By Angela Holmes
BLACK HAWK COUNTY—The downtown resurgence in Waterloo and Cedar Falls has drawn residents to a lifestyle where shops, restaurants and sometimes even jobs, are right out their back door.
Both cities in the Cedar Valley have experienced a growing interest in downtown living in loft-style apartments in the upper floors of renovated historic buildings, as well as new properties.
“The last 30 years, it was dying. People went to the mall,” developer Mark Kittrell said of downtown Cedar Falls. “Main Street has been revitalized within the past two decades with specialty shops and upscale restaurants. It was built by the community, one-by-one.”
Mr. Kittrell and Jean Fischer, of Cedar Falls-based firm Eagle View Partners, are watching their development dreams become a reality with the first phase of the River Place project under construction near the Cedar River in downtown Cedar Falls.
The “300 State Street” project will include 21 two-bedroom, loft-inspired, walk-up residences in a new development on State Street, located between the Cedar River and Main Street. The Leadership in Energy and Environmental Design (LEED)-certified project, valued at $3 million, includes secure parking and access to more than 100 miles of trails along the river.
“The key thing we started with is to bring Cedar Falls back to the river,” Mr. Kittrell said. “It’s not like we have mountains or beaches, but we do have beautiful rivers. We are working to reclaim the river. The river crossing is the reason the town exists.”
After two years of planning and hundreds of meetings, the groundbreaking for 300 State Street took place in December.
The building is expected to be ready for a grand opening in October.
“We have been blessed to work with such a great community,” Mr. Kittrell said. “The city worked with environmental issues and everything was unanimously approved.”
The site was chosen because of its location downtown near the river, making it sustainable in terms of walkability. The building and landscape are also sustainable, using as many local and recycled materials as possible.
Among the sustainable materials to be used in the project include wallboard made of recycled milk cartons from Re-Wall in Des Moines and pressed-paper countertops. Rain gardens will be implemented for water retention, and all landscape is low-maintenance, using no chemicals.
“The whole project is sustainable from the ground up,” Mr. Kittrell said. “We find what’s local and get the community involved. We don’t truck things from all over the place.”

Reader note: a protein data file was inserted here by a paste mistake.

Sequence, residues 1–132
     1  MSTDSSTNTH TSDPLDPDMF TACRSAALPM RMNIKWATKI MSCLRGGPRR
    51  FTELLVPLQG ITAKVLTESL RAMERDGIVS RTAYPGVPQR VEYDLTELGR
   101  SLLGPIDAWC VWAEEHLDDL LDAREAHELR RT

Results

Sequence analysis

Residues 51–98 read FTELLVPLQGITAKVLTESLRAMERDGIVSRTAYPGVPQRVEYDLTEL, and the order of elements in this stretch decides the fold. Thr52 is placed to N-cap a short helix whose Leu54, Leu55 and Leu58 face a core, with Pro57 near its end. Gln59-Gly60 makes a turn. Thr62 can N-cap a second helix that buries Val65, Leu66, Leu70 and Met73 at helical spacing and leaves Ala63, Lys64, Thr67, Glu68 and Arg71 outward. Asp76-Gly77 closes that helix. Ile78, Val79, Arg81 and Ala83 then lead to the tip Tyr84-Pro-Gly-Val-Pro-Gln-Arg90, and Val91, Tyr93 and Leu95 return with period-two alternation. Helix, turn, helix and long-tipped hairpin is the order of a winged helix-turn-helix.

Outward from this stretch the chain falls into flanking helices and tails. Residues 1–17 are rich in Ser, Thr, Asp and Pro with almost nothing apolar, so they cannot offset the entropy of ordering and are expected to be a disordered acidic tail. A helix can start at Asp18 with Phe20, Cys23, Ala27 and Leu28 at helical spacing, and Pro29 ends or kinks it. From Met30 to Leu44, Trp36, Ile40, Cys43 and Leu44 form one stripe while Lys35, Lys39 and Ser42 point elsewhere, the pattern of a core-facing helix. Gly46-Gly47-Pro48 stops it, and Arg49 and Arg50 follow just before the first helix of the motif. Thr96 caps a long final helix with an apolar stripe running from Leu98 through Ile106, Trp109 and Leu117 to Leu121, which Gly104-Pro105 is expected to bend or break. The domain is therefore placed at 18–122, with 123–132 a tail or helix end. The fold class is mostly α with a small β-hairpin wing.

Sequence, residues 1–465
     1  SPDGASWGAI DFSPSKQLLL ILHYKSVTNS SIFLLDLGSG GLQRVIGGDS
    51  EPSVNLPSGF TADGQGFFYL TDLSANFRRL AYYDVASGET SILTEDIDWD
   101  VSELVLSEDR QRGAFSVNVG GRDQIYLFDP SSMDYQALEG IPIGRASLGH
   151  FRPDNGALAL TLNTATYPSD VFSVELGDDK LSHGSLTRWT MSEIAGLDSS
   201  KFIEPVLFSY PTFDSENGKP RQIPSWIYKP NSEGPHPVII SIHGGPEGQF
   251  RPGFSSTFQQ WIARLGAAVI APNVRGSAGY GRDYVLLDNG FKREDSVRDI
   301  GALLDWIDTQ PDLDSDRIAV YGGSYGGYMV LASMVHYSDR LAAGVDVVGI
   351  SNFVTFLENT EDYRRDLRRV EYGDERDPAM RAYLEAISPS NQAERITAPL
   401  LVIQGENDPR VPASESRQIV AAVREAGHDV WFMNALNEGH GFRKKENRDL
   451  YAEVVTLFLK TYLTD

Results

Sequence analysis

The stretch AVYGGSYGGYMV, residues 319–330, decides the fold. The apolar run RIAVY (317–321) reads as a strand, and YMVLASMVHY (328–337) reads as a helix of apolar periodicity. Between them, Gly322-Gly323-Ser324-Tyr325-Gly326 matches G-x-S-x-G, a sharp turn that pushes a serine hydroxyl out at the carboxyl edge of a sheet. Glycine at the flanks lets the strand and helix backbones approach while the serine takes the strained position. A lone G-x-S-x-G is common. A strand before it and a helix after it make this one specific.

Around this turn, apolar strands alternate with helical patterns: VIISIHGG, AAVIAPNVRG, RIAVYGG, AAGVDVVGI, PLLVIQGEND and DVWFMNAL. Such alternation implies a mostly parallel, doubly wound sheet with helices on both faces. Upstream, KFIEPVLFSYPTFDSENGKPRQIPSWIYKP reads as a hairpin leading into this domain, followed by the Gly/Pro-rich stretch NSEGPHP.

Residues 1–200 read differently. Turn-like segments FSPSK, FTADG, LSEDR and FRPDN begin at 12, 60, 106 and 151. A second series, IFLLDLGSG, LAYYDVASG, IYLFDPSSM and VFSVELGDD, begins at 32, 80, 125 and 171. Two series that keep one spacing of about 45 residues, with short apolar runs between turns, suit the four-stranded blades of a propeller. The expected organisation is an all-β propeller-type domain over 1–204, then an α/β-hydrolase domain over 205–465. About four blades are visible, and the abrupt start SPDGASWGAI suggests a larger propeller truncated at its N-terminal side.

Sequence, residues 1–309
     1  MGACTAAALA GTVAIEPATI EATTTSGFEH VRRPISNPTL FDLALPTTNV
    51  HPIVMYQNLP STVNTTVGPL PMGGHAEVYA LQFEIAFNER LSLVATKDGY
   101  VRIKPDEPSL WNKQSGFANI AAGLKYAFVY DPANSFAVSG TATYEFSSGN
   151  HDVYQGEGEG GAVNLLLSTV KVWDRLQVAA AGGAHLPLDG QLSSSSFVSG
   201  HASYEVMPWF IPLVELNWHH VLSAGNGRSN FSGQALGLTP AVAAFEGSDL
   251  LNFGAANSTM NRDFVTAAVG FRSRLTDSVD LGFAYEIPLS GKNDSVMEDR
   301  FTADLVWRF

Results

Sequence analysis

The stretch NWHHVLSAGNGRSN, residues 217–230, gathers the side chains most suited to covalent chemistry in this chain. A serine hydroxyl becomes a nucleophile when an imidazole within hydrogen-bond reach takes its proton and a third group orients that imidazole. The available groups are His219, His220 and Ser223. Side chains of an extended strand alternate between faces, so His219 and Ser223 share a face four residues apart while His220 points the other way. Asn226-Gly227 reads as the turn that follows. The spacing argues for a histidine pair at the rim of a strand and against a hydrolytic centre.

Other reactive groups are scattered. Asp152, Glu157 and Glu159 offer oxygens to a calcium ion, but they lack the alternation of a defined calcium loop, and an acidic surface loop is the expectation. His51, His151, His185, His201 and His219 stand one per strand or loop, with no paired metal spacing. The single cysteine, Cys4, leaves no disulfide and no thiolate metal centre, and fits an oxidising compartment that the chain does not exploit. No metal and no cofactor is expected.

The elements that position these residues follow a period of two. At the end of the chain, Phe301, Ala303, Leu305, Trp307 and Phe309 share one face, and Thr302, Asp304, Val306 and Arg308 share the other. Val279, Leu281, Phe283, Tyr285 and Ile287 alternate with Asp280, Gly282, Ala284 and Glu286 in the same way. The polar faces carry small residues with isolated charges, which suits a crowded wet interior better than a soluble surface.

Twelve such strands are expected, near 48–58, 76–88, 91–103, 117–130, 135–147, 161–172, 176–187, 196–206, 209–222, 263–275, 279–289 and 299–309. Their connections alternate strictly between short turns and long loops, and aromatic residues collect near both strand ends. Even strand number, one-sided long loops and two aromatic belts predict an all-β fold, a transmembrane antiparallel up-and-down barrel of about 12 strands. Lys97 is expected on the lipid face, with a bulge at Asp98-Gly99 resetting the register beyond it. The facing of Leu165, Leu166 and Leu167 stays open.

He admits he is learning about LEED certification as the project moves along, but says it is less expensive and complicated than he initially expected.
“It’s all new for us,” he said. “We’re learning it with everybody else. I’m not sure at the end of the day it is more expensive to do LEED. It’s just different. It’s easier to start from scratch.”
The estimated $50-million River Place project will be completed during the next five years. The project will also include several more residential and mixed-use buildings, a business-class hotel, event center, the Western Home Communities’ active lifestyle residence Mill Race and several public gathering areas.
In Waterloo, recent developments to the downtown area and along the river have also made it a more attractive place to live. Among the improvements include new restaurants, an amphitheater on the Cedar River, a public market and the soon-to-open Cedar Valley Sports Plex.
“People are starting to get energetic about what’s going on downtown,” said Kristina Miller-Bergman, director of marketing and projects at JSA Development in Waterloo.
In 2001, Jim Walsh, president of JSA Development, began renovating abandoned and run-down historical properties in downtown Waterloo and converting them into mixed- use buildings. The residential lofts on the upper floors have become more popular during the past few years.
When Ms. Miller-Bergman started with JSA in 2008, the company owned three residential properties. Now there are more than 30 in downtown Waterloo and they all stay rented.
All of the high-efficiency apartments have high-end amenities, including granite countertops and stainless steel appliances. Keeping to their original purpose, all renovations have gone through the approval process historically.
“They are not cookie-cutter apartments,” Ms. Miller-Bergman said. “A lot of people are surprised when they get in there.”
Preserving downtown Waterloo’s rich history is also a mission of Nelson Properties. Vern Nelson Sr., his wife, Donna, and their family have been rehabbing historic buildings since the early 1980s, when downtown Waterloo was struggling to survive.
“It was terrible,” Ms. Nelson said. “Things were falling apart. The city was dying. We were told, ‘if the center of the city dies, all of the decay will creep out to the rest of the city,’ and that’s what happened.”
A group of developers came together to save Waterloo, Ms. Nelson said.
“A lot of people came along to make it what it is today. I am proud,” she said.
Nelson Properties owns 15 loft apartments and expects to add more later this year, she said.
“We started putting apartments above retail space,” Ms. Nelson said. “People started telling other people and it just grew.”
The company has also renovated the former WinterBottom warehouse, located near the Tech Works and John Deere offices, into residential lofts.
Downtown residents range from young, single professionals to retired, empty nesters who prefer not to maintain a large house and property. No matter their age, downtown dwellers seek the convenience of having a variety of amenities at their fingertips. And downtown businesses welcome them with open arms.
“A community is only as good as its heart,” Mr. Kittrell said. “Having people living downtown puts money back into the downtown.”